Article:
Researchers at the University of Colorado conducted a large-scale study that identified nearly 500 genes that have a significant impact on our diets. This discovery opens up new possibilities for creating personalized nutrition strategies based on each person’s genetic makeup.
The study, led by Dr. Joanne Cole, associate professor of biomedical informatics at the University of Colorado School of Medicine, is based on data collected from the UK Biobank, which includes information on half a million people. Using the Phenomenon-wide association study (PheWAS), the scientists identified genes that are strongly associated with diet.
One of the key findings of the study was the identification of genes associated with sensory pathways such as the taste, odor and texture of food. These genes can enhance reward responses in the brain, which explains individual food preferences at the genetic level.
Dr. Cole noted that the findings could help develop “sensory genetic profiles” that would allow for personalized dietary recommendations. This means that, in the future, each person could be offered the optimal diet, taking into account their genetic characteristics.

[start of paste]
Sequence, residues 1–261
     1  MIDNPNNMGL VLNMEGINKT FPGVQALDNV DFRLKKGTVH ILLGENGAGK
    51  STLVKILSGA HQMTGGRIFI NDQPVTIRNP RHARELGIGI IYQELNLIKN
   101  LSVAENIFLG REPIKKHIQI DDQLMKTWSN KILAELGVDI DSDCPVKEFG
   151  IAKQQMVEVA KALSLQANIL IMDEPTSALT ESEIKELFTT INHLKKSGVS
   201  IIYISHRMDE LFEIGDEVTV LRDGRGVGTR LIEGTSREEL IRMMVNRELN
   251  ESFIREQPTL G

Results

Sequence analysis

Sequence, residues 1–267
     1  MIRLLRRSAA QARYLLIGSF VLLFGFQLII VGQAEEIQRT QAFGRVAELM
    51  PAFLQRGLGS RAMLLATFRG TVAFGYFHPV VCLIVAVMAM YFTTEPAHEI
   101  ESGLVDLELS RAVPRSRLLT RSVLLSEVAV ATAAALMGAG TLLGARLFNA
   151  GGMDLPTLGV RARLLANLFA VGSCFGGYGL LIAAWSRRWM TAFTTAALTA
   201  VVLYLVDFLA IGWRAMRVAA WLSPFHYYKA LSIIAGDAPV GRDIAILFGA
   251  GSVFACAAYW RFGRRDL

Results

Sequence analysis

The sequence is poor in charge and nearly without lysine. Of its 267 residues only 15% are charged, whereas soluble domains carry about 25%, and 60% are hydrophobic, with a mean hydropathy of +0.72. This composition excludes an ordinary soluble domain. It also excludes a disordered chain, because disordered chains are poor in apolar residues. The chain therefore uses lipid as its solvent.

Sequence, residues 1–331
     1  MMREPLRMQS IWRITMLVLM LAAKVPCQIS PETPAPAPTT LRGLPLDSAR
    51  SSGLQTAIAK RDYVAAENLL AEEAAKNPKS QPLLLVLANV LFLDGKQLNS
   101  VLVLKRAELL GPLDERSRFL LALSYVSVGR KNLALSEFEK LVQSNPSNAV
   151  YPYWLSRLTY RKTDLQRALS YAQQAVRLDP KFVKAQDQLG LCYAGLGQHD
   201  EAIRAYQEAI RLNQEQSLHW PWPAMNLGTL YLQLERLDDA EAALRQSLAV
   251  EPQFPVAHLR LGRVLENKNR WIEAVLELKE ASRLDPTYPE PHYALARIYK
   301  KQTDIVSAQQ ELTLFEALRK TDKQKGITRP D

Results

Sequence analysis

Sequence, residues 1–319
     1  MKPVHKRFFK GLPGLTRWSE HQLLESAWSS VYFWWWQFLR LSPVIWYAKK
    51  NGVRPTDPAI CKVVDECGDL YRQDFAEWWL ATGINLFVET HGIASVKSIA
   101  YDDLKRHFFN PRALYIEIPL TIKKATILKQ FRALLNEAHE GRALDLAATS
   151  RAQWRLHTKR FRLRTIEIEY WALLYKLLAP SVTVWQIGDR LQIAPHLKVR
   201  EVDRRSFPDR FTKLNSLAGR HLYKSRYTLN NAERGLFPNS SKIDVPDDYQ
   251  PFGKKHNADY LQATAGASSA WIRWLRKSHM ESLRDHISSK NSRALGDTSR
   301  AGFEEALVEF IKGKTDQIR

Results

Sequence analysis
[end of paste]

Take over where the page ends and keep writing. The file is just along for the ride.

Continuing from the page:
However, the scientist also emphasized that genetics plays a much smaller role in shaping our eating habits than environmental factors. The researchers noted the significant role of factors such as cultural background, socioeconomic status and the availability of different types of food.
Dr. Cole’s research will be presented at NUTRITION 2023, an annual event organized by the American Society for Nutrition. This will be an opportunity for other scientists and nutrition experts to learn about the study and discuss its significance.
The methodology of the study was challenging because of the relationship between dietary habits and other elements such as health and socioeconomic factors. However, the team of scientists was able to overcome this obstacle by applying computational methods and analyzing detailed health and socioeconomic data from the UK biobank.
The study identified nearly 300 genes that directly influence the consumption of certain foods, as well as nearly 200 genes associated with common dietary patterns, such as fish or fruit consumption. These results provide a better understanding of the relationship between a person’s genetic makeup and their eating habits.
Dr. Cole and her colleagues’ study is an important step toward creating personalized nutritional strategies. However, the scientists note that much work remains to be done to fully understand the genetic underpinnings of our diets and develop optimal recommendations.